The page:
Crop tour highlights farming practices
- Mardi Ford
The first year, it was just Don Sands and a handful of farmers armed with buckets of chicken. They jumped into pickups and headed out to see how a new herbicide was fighting wild oat in the field.
Though they did not realize it that day, the small group of men had given birth to the Union County Crops and Conservation Tour.
This year, there were three school buses packed with people from all walks of life including farmers on the 31st annual crop tour.
The buses were joined by a half-dozen other rigs filled with even more crop tourists. A trailer loaded with doughnuts, ice-cold pop and water greeted the group at every stop complete with porta-potties stationed discreetly nearby.
In 31 years, the tour has changed as much as the farming methods and practices it highlights.
The first stop of the day was a brief tour with Pete Nilsson and Becky Hamann, the 2006 Conservation Farmers of the Year. Nilsson talked about the changes he'd witnessed since joining the Hamann family farm in the mid-70s.
"At that time the river here was a major slough," Nilsson said. During the hottest part of the summer, Nilsson said the water became more of a nuisance as fish rotted in the mud.
"It was a stinking mess," Nilsson says.
They began working to slope the eroding vertical banks and planted trees and vegetation along the water on their property.
Tourists also took a look at the new energy-efficient, well-insulated shop built with southern exposure windows. The design incorporates solar heat to keep the shop, Nilsson says, comfortably warm even in winter.
"Now we actually spend more time working on equipment than thinking about it," he says, drawing a laugh from the crowd.
Finally, Nilsson also talked about changes made to the mint harvesting and oil distillation processes on the farm that were implemented to save both energy and money.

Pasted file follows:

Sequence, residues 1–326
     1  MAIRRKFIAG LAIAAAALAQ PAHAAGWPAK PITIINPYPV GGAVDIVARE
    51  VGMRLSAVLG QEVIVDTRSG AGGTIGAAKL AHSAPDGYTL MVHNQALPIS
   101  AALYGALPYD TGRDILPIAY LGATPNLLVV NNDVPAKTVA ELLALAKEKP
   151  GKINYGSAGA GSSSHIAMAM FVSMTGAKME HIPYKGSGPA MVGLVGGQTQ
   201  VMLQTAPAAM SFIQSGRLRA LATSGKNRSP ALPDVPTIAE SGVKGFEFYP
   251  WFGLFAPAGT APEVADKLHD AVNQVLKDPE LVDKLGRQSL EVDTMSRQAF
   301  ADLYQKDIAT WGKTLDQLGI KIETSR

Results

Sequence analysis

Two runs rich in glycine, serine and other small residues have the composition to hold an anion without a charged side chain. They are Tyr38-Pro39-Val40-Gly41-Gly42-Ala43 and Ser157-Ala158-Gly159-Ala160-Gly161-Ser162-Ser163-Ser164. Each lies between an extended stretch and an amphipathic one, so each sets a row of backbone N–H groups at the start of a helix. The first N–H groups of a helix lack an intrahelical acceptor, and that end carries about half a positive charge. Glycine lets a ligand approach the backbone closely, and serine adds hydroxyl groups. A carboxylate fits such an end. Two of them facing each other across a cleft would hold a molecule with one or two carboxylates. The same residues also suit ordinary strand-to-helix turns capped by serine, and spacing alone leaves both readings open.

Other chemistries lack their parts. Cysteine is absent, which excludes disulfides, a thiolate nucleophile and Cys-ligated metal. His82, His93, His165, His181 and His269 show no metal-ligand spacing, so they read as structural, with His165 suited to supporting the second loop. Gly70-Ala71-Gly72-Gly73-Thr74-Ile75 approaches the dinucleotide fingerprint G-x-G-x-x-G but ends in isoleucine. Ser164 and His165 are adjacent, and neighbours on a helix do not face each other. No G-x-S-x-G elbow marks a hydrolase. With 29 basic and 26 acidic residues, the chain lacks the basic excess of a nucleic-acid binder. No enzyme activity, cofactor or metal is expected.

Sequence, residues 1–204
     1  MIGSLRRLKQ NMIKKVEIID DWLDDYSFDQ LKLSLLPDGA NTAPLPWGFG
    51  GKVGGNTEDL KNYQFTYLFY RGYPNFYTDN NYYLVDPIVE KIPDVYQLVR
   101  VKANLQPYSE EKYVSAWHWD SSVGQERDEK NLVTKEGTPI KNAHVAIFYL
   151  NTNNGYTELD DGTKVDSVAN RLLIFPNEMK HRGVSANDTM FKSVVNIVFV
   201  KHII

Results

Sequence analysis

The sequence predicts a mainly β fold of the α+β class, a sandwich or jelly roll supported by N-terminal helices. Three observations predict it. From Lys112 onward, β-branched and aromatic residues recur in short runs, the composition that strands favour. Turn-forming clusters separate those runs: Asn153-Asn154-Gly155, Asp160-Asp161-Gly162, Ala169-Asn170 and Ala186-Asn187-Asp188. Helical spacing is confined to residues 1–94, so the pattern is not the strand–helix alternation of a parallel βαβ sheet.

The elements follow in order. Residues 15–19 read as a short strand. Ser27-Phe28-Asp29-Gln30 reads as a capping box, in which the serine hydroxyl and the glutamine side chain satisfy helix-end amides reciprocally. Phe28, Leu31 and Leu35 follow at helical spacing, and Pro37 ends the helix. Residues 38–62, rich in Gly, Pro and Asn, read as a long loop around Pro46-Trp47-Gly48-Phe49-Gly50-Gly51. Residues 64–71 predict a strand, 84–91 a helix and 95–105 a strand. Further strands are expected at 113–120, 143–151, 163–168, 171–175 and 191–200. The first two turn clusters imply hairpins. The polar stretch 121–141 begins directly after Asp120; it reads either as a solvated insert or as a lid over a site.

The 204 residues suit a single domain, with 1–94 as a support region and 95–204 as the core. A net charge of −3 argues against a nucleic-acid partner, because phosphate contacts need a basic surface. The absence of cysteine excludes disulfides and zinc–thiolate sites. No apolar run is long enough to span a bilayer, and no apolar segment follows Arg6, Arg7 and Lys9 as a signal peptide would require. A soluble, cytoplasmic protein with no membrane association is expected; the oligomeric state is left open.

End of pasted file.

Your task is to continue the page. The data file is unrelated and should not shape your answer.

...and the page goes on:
After leaving the 2006 Conservation Farm, throughout the rest of the morning the caravan meandered through the heart of the valley looking into a wide variety of subjects from what's new in market development for oil seed crops to how the county's smoke management program works.
The grand finale came when the tour joined the hundreds of other people who showed up to feast on barbecued rib steaks.
Thomasine "Tommy" Nichols, Cove, came on her first crop tour in 1994. She's made it to every one since then, except last year.
"As soon as I found out there was such I thing, I started coming," Nichols says. Although she has never farmed, her father used a horse and plow in Wisconsin where she grew up.
"I like to be aware of what's going on. It's always interesting," Nichols says. "Lots of new things to see."
Though the crop tour may be an indicator of the changing industry itself, one thing remains the same: At its heart the crop tour is still about sharing knowledge and information with anyone interested in agriculture.